Vedang 'Shastriya Hip Hop' EP Review
Each track on the EP has elements of various genres, from hardcore boom bap to west coast to EDM. Vedang achieves such a wide soundscape without borrowing too much from any one genre.
Vedang Deshpande, the producer behind underground hits like Gutter Rich, Nonte Fonte with Yungsta, and Izehar with Bawari Basanti, has released his debut EP 'Shastriya Hip Hop' on the 3rd of May. As the name would tell you, this project blends Indian classical samples with old school hip hop grooves. This 10 minute extended play is the peak of Vedang's signature sample-based production, which, by his own admission borrows from American producer Madlib's sampling style. But here, he gives us samples that he probably grew up listening to and hence, add a lot of individuality to the mix. Legends like Asha Bhosle and Pt. Bhimsen Joshi's vocals have been chopped over hip hop
The first track, Pahaat features a vocal sample by Asha Bhosle from the film Nivdung. The E-piano playing behind her vocals makes the track sound worn out and retro. The vocal phrase remains untouched, except a few chops and scratches to make the overall track more 'hip hop'. Everything from the minimalist bassline to the drum samples screams vintage. Even the fade out at the end reminds us of album intros in the early 90s.
Here's a snippet of the intro beat to the EP. This one's called "Pahaat". Flipped an Asha Bhosle classic "Kevha Tari Pahaate" in this beat :) Artwork by @doodlewaala Full EP out now!! Link in bio. You can also download full EP from the link, there's a pay what you want option there. (If you think these flips deserve some money, you can pay otherwise feel free to download directly :) ) #sampleflips #sampledtrap #sampledbeat #oldschoolbeats #oldschoolbeat #chillhop #lofi #lofihiphop #lofibeats #chillbeats #classical #fusion #hiphop2020 #hiphopmusic #hiphopbeats #rapmusic #rapinstrumentals #rapbeats #rapbeatsforsale #beats #beatmaker #beatstarsproducer #beatsforsale #beatsforlease
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The next track, Chandra starts off with a sample from Devaki Pandit’s live performance. The harmonium and vocal-based sample then transitions to a heavily chopped vocal phrase with drums that remind us of the early 2000s trap, with distorted 808s and orchestral synth pads. The panned hi-hats give the track space, which is occupied by a lush array of synths. The electronic lead and delayed vocals in the outro introduce a psychedelic element to the track.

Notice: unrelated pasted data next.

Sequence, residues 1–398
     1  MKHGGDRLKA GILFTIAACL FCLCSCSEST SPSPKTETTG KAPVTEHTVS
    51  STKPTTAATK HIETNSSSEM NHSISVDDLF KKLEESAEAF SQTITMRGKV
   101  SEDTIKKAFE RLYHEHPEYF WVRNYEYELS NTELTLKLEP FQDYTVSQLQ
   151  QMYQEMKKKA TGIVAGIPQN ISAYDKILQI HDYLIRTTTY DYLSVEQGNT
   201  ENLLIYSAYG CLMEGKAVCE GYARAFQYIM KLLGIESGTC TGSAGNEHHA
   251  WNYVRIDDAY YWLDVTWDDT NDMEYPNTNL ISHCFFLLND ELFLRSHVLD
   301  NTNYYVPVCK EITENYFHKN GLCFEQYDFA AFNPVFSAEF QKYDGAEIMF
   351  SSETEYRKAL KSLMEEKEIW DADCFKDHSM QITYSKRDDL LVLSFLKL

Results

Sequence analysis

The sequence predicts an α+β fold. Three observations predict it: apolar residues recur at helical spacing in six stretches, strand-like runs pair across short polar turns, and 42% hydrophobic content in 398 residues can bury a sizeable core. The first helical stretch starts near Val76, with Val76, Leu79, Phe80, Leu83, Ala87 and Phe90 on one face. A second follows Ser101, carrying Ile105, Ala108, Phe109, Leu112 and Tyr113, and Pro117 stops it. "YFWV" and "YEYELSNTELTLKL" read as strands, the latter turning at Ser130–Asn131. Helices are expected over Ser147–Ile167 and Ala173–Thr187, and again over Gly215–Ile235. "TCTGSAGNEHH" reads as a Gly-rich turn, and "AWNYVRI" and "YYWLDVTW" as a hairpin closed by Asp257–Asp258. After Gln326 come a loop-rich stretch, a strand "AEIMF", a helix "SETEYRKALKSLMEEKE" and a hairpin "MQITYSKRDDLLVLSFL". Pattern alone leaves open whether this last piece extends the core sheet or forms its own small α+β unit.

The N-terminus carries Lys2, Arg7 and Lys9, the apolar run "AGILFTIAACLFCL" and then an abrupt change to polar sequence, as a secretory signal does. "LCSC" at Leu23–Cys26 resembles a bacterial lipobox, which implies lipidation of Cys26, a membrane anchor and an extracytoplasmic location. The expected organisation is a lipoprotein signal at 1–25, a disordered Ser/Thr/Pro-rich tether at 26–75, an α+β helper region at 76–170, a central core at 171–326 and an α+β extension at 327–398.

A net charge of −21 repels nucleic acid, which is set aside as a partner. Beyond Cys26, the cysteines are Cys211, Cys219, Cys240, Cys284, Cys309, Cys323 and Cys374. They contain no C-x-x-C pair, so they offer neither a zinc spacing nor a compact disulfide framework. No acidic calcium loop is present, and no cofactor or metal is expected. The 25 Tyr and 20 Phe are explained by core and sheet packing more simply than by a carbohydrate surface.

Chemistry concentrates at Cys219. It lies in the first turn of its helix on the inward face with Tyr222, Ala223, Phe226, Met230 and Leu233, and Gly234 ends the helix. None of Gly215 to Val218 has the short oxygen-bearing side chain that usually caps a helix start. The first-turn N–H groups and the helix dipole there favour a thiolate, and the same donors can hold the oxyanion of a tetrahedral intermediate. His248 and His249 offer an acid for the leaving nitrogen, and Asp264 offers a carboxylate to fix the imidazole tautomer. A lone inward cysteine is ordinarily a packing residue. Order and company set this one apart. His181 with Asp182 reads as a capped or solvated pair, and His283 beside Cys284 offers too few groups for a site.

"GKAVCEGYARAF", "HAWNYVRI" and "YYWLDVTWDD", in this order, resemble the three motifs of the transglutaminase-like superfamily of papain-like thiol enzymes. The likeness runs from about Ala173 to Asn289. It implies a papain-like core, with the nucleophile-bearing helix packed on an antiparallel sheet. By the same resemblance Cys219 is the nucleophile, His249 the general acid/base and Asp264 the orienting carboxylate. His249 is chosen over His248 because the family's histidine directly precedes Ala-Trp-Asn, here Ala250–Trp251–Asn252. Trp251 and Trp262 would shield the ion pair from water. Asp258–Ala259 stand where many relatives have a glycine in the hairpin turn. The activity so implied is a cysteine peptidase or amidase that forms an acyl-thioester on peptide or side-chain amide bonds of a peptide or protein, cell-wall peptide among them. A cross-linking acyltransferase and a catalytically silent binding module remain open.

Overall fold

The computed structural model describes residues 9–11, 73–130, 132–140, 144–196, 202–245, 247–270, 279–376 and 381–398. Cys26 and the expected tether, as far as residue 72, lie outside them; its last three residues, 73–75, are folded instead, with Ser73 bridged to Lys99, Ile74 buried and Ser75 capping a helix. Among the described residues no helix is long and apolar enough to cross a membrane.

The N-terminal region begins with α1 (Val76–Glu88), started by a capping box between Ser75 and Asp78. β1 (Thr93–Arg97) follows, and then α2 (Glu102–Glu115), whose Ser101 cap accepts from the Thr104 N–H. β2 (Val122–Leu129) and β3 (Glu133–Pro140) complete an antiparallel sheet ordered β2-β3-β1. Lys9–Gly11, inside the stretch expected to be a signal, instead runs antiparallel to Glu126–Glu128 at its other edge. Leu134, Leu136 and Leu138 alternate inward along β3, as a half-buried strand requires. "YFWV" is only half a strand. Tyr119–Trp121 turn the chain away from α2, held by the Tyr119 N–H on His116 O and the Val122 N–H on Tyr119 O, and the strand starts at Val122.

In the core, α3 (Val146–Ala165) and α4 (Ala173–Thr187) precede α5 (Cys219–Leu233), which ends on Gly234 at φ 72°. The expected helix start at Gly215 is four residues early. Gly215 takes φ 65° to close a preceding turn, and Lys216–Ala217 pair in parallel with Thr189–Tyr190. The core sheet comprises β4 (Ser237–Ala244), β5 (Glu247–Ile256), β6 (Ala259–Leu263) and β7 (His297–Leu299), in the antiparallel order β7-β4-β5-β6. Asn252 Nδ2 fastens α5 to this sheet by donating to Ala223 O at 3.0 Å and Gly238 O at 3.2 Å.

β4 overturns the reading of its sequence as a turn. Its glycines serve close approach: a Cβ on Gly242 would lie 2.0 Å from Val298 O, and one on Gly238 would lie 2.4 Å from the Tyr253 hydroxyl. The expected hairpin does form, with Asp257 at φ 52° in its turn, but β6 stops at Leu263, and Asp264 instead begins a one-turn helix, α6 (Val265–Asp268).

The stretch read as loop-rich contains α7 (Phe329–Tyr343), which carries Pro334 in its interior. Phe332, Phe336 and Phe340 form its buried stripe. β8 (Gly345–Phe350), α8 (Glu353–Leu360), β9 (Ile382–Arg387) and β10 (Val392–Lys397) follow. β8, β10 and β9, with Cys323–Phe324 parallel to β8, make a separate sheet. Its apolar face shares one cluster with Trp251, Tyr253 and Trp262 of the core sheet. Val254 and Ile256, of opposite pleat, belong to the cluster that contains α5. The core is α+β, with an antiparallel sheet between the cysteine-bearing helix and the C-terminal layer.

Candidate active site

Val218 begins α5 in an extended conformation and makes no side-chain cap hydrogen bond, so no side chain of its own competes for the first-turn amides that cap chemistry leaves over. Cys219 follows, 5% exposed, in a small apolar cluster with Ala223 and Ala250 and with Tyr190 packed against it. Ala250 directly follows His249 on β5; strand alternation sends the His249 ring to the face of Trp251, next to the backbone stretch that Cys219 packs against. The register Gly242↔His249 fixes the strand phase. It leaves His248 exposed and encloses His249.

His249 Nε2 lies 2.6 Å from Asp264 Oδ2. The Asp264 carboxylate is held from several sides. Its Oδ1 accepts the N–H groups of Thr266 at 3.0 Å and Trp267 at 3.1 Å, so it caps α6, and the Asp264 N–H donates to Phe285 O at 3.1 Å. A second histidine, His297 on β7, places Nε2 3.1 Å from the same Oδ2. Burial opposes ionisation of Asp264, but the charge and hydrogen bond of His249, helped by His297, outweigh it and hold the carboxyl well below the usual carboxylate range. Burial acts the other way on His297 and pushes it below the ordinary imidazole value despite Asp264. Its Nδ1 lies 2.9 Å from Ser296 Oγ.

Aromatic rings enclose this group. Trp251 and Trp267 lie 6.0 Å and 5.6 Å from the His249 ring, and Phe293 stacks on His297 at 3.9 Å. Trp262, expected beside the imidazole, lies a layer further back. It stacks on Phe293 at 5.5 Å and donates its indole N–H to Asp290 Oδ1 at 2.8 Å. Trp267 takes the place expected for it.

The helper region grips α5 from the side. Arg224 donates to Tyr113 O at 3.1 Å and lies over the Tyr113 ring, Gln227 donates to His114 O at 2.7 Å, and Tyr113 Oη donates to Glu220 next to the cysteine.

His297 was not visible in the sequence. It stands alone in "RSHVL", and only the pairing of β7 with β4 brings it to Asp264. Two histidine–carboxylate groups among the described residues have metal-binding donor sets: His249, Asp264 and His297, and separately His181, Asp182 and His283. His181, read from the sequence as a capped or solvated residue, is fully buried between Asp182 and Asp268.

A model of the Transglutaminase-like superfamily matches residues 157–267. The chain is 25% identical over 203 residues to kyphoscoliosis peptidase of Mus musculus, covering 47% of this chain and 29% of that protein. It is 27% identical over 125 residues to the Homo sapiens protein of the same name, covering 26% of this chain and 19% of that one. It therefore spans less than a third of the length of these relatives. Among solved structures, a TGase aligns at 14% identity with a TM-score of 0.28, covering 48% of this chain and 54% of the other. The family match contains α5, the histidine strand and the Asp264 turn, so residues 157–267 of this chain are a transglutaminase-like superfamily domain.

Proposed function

Mendikot, featuring Mumbai based rapper EMF, draws parallels between life and the Maharashtrian card game of mendikot. Sampled vocal chops form the majority of the melody section, with old school drums. This is the only track with original lyrics and a familiar 'hook-verse-hook' song structure. EMF's verse had a flow that was rooted in Marathi folk music, with a layered vocal profile.
The next two tracks ditch the vintage sound for modern electronic instrumentation. Maaherchi Drip features a classic west coast, DJ Mustard style beat with a Moog bassline and snappy claps. The track samples Pt. Bhimsen Joshi's vocals chopped to showcase his intricate alaaps.
The closer, Radhika goes into the electronic zone with complex hi-hat rolls and bassy leads. Even though the sample used is sung by Aarti Ankilkar, it is heavily chopped and made to sound similar to something Major Lazer or Martin Garrix would do. The song ends the EP with loads of energy. The tabla sample meshed with the drums keeps the track rooted in India.
Each track on the EP has elements of various genres, from hardcore boom bap to west coast to EDM. Vedang achieves such a wide soundscape without borrowing too much from any one genre. This I think is due to his reliance on Indian vocal and instrumental samples, which glue the EP together and do not let it wander away from its central theme.
It's a perfect listen for a short drive, or when you're planning to go to bed. For rappers, this is nothing short of a beat tape. The spacious instrumentals give enough room for an artist to spit on. Every track (except Mendikot) can be used as a freestyle beat in itself if the tracks were a bit longer.
It's a pleasant deviation from the usual sound of Indian hip hop. I hope we get to see more producers dig deep and make music which is more rooted in their local cultures and sounds.
Shastriya Hip Hop is streaming on YouTube.